But to really find the vast majority of dangerous asteroids, you need a specialized mission. One proposal is the Near Earth Asteroid Camera, or NEOCam because it’d be much better to have a telescope that was slightly colder than the 73 K WISE is with coolant, and you can do that by getting away from the Earth. and so the NEOcam telescope is designed to go a million and a half kilometers from the Earth and therefore it would be quite cold, about 35 K and at that temperature, it can operate longer into the infrared and do a very sensitive survey for asteroids.

NEOCam is just one idea. There’s also the Sentinel proposal from B612 Foundation. It’s also an infrared survey and it would go into an orbit like Venus’ orbit, so it would be hundreds of millions of km away from Earth, but not orbiting around Venus, because that would be too hot as well and then with an infrared telescope, it would survey for asteroids.

NEOCam and Sentinel would operate for years, scanning the sky in the infrared to find all of the really hazardous asteroids. You wouldn’t be able to necessarily find the ones the size of the one that hit Chelyabinsk, and so that broke some windows, but it didn’t kill people, didn’t knock buildings down. So that’s definitely a hazard, but not the city destroying hazard that a 100 meter diameter asteroid would be.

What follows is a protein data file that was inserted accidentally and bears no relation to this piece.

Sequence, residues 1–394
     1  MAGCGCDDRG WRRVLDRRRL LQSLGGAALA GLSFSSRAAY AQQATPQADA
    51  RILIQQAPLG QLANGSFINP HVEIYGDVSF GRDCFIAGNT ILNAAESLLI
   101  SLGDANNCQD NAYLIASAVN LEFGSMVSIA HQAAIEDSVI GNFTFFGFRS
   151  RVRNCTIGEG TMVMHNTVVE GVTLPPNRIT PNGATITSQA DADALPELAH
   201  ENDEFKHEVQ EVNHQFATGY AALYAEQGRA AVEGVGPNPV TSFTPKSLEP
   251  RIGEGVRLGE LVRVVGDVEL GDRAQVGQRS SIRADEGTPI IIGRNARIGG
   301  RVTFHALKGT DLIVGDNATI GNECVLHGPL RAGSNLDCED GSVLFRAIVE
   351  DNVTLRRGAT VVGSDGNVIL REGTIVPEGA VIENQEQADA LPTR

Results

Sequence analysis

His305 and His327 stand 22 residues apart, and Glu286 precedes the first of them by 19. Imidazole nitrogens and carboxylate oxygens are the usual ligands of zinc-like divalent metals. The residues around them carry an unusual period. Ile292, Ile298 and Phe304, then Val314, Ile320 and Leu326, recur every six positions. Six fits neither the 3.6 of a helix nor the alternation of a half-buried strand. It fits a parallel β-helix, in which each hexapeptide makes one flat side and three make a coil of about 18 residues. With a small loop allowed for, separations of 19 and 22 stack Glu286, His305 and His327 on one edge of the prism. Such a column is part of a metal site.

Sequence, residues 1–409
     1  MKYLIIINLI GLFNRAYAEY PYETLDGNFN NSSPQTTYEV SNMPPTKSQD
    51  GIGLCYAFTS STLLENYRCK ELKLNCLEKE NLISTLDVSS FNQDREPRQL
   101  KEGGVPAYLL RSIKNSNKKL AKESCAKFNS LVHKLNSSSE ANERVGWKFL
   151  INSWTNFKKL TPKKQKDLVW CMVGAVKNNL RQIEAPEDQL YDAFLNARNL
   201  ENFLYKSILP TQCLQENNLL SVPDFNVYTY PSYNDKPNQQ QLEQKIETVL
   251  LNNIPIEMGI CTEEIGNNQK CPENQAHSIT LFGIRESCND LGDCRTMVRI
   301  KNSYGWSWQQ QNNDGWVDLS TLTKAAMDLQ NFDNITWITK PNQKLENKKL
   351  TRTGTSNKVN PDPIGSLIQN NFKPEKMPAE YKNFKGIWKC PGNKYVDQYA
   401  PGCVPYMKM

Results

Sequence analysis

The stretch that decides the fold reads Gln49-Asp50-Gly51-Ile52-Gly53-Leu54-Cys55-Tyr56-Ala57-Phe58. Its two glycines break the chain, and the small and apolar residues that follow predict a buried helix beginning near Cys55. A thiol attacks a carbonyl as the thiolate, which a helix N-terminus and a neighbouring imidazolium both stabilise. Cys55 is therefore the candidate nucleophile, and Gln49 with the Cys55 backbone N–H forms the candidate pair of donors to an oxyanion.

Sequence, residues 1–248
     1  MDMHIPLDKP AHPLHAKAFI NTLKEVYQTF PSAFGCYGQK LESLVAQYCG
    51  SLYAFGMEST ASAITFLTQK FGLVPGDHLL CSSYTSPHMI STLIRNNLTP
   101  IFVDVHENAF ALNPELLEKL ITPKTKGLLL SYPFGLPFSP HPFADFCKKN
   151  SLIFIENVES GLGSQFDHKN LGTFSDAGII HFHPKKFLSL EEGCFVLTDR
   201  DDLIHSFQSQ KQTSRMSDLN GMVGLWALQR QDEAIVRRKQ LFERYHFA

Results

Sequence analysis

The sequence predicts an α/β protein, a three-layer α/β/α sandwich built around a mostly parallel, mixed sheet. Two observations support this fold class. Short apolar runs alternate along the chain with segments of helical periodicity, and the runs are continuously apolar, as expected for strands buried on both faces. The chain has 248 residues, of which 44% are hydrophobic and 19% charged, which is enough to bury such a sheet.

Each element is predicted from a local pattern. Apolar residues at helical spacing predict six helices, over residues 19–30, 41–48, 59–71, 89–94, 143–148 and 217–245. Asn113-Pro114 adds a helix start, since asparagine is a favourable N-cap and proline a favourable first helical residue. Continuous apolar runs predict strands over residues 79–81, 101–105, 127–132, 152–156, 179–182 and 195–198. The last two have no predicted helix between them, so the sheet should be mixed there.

We live in a cosmic shooting gallery. Rocks from space impact the Earth all the time, our next dangerous asteroid is out there, somewhere. Let’s build a space-based infrared survey mission so we can find it, before it finds us.

How Can We Stop An Asteroid?

“It’s like looking for a charcoal briquette in the dark,” says Bill Nye the Science Guy in this new video from AsapSCIENCE… except he’s talking about briquettes hundreds of meters wide whizzing past our planet upwards of 8, 9, 10, even 20 kilometers per second — and much, much denser than charcoal.

Near-Earth asteroids are out there (and on occasion they even come in here) and, as the planet’s only technologically advanced spacefaring species, you could say the onus is on us to prevent a major asteroid impact from occurring, if at all possible — whether to avoid damage in a populated area or the next mass extinction event. But how can we even find all these sooty space rocks and, once we do, what can be done to stop any headed our way?

Watch the video (and then when you’re done, go visit the B612 Foundation’s Sentinel page to learn more about an upcoming mission to bag some of those space briquettes.)